A New Die Walküre at Lyric Opera of Chicago

From the start of Lyric Opera of Chicago’s splendid, new production of Richard Wagner’s Die Walküre conflict and resolution are portrayed throughout with moving intensity. The central character Brünnhilde is sung by Christine Goerke and her father Wotan by Eric Owens.

As One a Haunting Success in San Diego

San Diego Opera has mined solid gold with its mesmerizing and affecting production of As One, a part of their innovative ‘Detour Series.’

OLF: Songs by Tchaikovsky, Anton Rubinstein, Rachmaninov and Georgy Sviridov

Compared to the oft-explored world of German lieder and French chansons, the songs of Russia are unfairly neglected in recordings and in the concert hall. The raw emotion and expansive lyricism present in much of this repertoire was clearly in evidence at the Holywell Music Room for the penultimate day of the celebrated Oxford Lieder Festival.

Stockhausen’s STIMMUNG and COSMIC PULSES at the Barbican.

This concert was an event on several levels - marking a decade since the death of Stockhausen, the fortieth anniversary (almost to the day) since Singcircle first performed STIMMUNG (at the Round House), and their final public performance of the piece. It was also a rare opportunity to hear (and see) Stockhausen’s last completed purely electronic work, COSMIC PULSES - an overwhelming visual and aural experience that anyone who was at this concert will long remember.

Bampton Classical Opera Young Singers’ Competition 2017 - Winner Announced

Bampton Classical Opera is pleased to announce that the winner of the 2017 Young Singers’ Competition is mezzo-soprano Emma Stannard and the runner-up is tenor Wagner Moreira. The winner of the accompanists’ prize, a new category this year, is Keval Shah.

Il sogno di Scipione: a new recording from Classical Opera

With this recording of Mozart’s 1771 opera, Il sogno di Scipione (Sicpio’s Dream), Classical Opera continue their progress through the adolescent composer’s precocious achievements and take another step towards the fulfilment of their complete Mozart opera series for Signum Classics.

TOSCA: A Dramatic Sing-Fest

On November 12, 2017, Arizona Opera presented Giacomo Puccini’s verismo opera, Tosca, in a dramatic production directed by Tara Faircloth. Her production utilized realistic scenery from Seattle Opera and detailed costumes from the New York City Opera. Gregory Allen Hirsch’s lighting made the set look like the church of St. Andrea as some of us may have remembered it from time gone by.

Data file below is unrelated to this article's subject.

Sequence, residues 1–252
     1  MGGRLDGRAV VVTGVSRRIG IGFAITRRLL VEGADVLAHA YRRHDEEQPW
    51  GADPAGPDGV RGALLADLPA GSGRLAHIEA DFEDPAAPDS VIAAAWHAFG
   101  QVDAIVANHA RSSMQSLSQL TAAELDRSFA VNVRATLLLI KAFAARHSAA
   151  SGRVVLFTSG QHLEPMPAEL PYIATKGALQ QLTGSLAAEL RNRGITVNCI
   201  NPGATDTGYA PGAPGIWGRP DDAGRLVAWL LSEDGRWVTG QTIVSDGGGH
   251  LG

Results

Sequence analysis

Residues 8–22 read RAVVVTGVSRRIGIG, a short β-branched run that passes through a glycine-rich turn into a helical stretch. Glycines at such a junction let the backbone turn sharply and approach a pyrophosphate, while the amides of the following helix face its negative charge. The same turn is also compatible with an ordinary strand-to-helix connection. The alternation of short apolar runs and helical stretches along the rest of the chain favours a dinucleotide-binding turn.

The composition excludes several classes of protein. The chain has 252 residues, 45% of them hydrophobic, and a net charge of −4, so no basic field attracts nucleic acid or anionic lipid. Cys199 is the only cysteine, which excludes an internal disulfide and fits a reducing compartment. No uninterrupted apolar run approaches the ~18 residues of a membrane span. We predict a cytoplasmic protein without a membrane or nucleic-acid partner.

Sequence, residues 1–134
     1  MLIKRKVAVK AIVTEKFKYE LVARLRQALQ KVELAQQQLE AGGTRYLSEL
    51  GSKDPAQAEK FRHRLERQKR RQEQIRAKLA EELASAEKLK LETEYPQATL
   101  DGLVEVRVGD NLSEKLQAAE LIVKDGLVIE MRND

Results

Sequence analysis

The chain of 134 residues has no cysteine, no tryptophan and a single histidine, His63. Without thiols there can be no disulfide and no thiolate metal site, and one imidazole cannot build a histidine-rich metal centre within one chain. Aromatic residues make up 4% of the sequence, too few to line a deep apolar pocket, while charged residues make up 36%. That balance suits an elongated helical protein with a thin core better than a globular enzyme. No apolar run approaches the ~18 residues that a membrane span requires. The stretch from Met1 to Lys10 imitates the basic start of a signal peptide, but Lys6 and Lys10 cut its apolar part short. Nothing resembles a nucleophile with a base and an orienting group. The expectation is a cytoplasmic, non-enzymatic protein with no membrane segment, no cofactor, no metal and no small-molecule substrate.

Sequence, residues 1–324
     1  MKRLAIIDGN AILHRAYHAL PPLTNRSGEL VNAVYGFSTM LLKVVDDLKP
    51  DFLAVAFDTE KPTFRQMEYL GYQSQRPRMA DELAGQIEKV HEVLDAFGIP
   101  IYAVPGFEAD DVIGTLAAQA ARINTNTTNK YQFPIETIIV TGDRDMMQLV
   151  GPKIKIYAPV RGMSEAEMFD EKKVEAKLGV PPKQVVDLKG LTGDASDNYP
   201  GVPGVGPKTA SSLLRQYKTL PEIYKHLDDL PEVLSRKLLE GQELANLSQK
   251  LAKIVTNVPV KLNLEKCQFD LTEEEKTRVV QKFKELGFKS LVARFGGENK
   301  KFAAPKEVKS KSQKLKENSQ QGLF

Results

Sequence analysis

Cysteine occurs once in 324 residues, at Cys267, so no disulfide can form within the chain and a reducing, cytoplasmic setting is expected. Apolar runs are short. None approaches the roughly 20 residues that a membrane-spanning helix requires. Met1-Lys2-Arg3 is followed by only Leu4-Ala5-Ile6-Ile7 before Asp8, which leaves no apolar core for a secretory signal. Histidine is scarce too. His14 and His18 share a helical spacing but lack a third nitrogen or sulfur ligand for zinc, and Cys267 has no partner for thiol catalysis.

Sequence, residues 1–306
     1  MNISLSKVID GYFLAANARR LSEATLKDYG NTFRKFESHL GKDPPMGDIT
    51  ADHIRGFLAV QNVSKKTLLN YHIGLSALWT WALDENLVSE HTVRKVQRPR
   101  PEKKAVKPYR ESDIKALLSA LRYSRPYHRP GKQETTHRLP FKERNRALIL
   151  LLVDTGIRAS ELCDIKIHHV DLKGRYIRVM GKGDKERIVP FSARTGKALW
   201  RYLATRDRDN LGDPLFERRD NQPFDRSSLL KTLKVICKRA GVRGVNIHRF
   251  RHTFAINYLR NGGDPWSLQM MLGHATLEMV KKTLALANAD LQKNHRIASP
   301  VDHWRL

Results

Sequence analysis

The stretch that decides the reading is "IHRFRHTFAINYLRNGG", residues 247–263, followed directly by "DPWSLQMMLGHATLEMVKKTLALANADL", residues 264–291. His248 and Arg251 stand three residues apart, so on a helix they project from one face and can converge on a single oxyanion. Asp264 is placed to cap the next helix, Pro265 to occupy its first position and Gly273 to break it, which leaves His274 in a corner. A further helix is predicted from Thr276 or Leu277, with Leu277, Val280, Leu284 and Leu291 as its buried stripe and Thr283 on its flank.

The Lighthouse: Shadwell Opera at Hackney Showroom

‘Only make the reader’s general vision of evil intense enough … and his own experience, his own imagination, his own sympathy … and horror … will supply him quite sufficiently with all the particulars. Make him think the evil, make him think it for himself, and you are released from weak specifications.’

OPERA TODAY ARCHIVES »

Reviews

Prom 23: Handel’s <em>Israel in Egypt</em>
02 Aug 2017

Handel's Israel in Egypt at the Proms: William Christie and the OAE

For all its extreme popularity with choirs, Handel’s oratorio Israel in Egypt is a somewhat problematic work; the scarcity of solos makes hiring professional soloists an extravagant expense, and the standard version of the work starts oddly with a tenor recitative. If we return to the work's history then these issues are put into context, and this is what William Christie did for the performance of Handel’s Israel in Egypt at the BBC Proms at the Royal Albert Hall on Tuesday 1 August 2017.

Prom 23: Handel’s Israel in Egypt

A review by Robert Hugill

Above: William Christie conducts the Choir and Orchestra of the Age of Enlightenment in a performance of Handel’s Israel in Egypt at the BBC Proms at the Royal Albert Hall

Photo credit: Chris Christodoulou

 

Christie conducted the Choir of the Enlightenment and the Orchestra of the Age of Enlightenment in Handel’s original 1739 version of the oratorio, which includes the rarely performed Part One which is essentially ‘The Ways of Zion do mourn’, his Funeral Anthem for Queen Caroline, with new words, and the soloists were all drawn from the ranks of the professional singers in the choir (in Handel’s day the soloists also sang in the choral movements), here they were Zoe Brookshaw, Rowan Pierce, Christopher Lowrey, Jeremy Budd, Dingle Yandell and Callum Thorpe.